Soy production in Argentina has been the largest commodity planted there, until a few years ago, when corn gained ground. Soybean production is decreasing, and this year will be the lowest since the beginning of this century. Notwithstanding, the soybean complex is the largest generator of foreign currency in Argentina. Within the complexity of the foreign exchange policy in that country, there is even a one-dollar exchange rate called “soy dollar!”
Argentina was also the largest soybean meal exporter in the world, a ranking lost to Brazil this year. Now it is the second largest, mainly due to drought and the impact of idle land.
On the other hand, the EU is the largest importer of soybean meal in the world. Spain and Poland are the most important markets for Argentina’s soybean meal exports. EU regulations are pushing for a sustainable soybean meal, free of deforestation. Argentinians have 2025 as the target to export all soybean meal with sustainable characteristics.
Last week, Viterra, a leading multinational company in the ag industry, completed the first export of 100% sustainable soybean meal from Argentina, destined to Spain. This soybean meal comes from deforestation-free fields, whose grains were segregated and crushed to guarantee traceability throughout the production chain.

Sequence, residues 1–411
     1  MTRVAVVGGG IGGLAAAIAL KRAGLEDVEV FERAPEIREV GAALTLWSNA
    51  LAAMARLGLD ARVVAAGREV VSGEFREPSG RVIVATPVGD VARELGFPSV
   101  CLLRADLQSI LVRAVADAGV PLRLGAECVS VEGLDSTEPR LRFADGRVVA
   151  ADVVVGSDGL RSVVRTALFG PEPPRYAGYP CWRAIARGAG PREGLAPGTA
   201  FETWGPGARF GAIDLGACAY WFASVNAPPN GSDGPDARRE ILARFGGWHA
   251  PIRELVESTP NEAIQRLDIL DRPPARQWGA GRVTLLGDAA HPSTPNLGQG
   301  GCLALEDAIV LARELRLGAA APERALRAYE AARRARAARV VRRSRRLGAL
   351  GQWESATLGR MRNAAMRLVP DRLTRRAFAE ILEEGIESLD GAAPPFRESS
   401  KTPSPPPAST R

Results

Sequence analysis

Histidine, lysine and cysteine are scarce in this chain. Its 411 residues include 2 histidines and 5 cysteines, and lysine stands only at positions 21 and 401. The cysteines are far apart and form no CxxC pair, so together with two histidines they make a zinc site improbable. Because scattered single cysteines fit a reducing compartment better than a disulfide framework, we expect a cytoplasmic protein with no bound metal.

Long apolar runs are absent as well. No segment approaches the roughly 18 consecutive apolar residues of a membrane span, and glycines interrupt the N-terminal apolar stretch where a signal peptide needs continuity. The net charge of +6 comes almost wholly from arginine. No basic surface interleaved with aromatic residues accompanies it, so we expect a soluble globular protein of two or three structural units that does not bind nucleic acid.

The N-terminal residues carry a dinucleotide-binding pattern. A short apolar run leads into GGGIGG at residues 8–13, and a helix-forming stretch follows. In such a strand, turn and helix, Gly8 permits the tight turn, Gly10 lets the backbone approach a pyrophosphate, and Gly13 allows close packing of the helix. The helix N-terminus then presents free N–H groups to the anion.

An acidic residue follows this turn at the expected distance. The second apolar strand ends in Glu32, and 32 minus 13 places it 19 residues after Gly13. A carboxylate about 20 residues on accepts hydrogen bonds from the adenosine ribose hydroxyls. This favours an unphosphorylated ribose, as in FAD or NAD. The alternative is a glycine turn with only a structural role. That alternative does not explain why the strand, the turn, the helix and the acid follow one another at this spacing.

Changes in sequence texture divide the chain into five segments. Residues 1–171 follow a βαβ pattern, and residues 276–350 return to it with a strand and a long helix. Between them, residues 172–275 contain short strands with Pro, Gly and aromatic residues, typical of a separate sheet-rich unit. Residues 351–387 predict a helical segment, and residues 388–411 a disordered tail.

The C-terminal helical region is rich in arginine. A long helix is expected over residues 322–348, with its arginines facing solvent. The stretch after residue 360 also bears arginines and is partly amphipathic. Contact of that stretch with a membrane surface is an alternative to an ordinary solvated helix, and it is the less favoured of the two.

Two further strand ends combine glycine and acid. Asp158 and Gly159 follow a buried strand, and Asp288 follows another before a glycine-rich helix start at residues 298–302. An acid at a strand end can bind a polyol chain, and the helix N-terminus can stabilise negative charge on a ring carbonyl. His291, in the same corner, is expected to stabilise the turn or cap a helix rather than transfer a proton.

This simply demonstrates the company’s and Argentina’s leadership when it comes to sustainable agriculture as well as its positive impact on communities, competitive advantage and commitment to a long-term business model. But it also shows that it responds as well to customers’ demands.
I was wondering if this will turn out to be the beginning of something new or just a “niche” market. How are other countries responding to this? Is someone else caring about the environment and sustainability for sourcing commodities? Will the rest follow this path? Or are we just simply dismissing climate change warnings?
It is not enough to place solar panels in poultry farms. More needs to be done. Here is an example.
What do you think?